Islamabad-Fasting in this Ramazan is expected to last over 16 hours on most days. However, a balanced diet during ‘Sehri’ and ‘Iftar’ can have positive effects on health of people who are fasting, a World Health Organization (WHO) health advisory stated.

The issued statement said that a healthy diet should provide us with the right amount of energy (calories or kilojoules), from foods and drinks to maintain the energy balance.

How much energy you need from foods and drinks depends on various different things, such as how active you are. Eating only as many calories as you need will help to maintain a healthy weight. However, the foods and drinks you choose need to be the right ones, and in the right proportions to stay healthy. Drink plenty of fluids, as well as consuming fluid-rich foods, such as fruits, vegetables, soups and stews. High temperatures can also make you sweat more, so it is important to drink fluids to replace what you lose during the day and to start the next day of fasting well hydrated (at least 10 glasses).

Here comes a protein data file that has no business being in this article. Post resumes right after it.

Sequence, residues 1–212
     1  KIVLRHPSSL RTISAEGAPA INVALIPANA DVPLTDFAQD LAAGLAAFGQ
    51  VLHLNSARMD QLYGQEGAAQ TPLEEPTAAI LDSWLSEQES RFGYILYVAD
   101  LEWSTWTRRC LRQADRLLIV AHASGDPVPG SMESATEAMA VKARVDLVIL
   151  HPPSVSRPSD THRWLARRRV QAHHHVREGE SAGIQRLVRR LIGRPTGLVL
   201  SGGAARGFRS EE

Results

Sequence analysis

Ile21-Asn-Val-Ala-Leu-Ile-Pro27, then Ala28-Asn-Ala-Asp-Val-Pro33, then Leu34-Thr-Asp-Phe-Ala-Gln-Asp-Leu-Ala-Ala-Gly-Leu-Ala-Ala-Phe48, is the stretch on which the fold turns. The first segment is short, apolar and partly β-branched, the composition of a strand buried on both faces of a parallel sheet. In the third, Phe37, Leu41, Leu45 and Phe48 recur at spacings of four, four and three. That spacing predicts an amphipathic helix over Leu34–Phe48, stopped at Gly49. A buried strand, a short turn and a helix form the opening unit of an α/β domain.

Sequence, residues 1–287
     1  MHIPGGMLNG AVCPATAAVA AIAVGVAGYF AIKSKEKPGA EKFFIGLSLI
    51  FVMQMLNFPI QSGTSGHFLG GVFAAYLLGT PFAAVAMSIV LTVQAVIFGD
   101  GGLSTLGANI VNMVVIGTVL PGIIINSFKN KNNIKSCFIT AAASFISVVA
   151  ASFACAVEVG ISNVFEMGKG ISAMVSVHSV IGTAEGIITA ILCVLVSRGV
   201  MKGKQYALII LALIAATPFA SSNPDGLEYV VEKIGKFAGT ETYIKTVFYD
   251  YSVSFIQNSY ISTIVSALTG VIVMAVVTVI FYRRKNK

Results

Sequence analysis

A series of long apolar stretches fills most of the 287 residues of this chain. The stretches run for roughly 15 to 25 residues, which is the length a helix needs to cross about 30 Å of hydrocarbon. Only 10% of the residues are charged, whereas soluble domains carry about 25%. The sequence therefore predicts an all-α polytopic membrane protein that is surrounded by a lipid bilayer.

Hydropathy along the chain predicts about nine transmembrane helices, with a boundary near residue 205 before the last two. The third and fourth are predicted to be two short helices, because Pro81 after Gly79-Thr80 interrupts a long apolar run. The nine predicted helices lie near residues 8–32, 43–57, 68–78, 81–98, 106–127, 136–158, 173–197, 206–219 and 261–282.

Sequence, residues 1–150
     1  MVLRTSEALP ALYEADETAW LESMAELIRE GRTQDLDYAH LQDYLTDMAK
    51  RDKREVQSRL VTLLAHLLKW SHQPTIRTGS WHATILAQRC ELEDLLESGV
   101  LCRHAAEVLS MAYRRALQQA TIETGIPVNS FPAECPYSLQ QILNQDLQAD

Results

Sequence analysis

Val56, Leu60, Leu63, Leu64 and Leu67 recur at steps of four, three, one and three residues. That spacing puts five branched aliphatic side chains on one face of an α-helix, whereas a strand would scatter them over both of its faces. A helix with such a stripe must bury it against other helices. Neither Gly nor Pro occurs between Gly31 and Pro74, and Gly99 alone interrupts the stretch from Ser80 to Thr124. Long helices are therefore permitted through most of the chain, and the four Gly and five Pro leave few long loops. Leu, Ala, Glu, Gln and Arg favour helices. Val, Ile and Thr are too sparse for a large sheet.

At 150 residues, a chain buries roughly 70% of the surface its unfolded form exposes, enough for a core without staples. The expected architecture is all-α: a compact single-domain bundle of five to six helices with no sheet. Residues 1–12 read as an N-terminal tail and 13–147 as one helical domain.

Fasting with diabetes

People who are ill or have medical conditions do not have to fast. Those suffering from with Type 1 diabetes are generally advised not to fast as it puts them at higher risk of hypoglycaemia and dehydration. People who have their diabetes under control, either by their diet or using tablets, may be able to fast. Those who need insulin to control their diabetes are generally advised not to fast. However, if you do choose to fast, then you must consult your doctor or healthcare team before Ramazan, to make sure that you are able to look after yourself properly. Failing to do so is in itself contrary to the Qur’an, which clearly states that you must not act in a way that harms your body.

If, after consulting with your doctor, you decide to fast, note that you will require less insulin before the start of the fast, and the type of insulin may also need to be changed (pre-mixed insulin is not recommended during fasting). Try to eat just before sunrise and include more slowly absorbed food such as basmati rice and daal, in your meal, along with fruit and vegetables. Check your blood glucose levels more often than you normally would do. At the end of fasting you should drink plenty of sugar-free and decaffeinated fluids to avoid being dehydrated, and take small quantities of food, while avoiding sweet or fatty foods.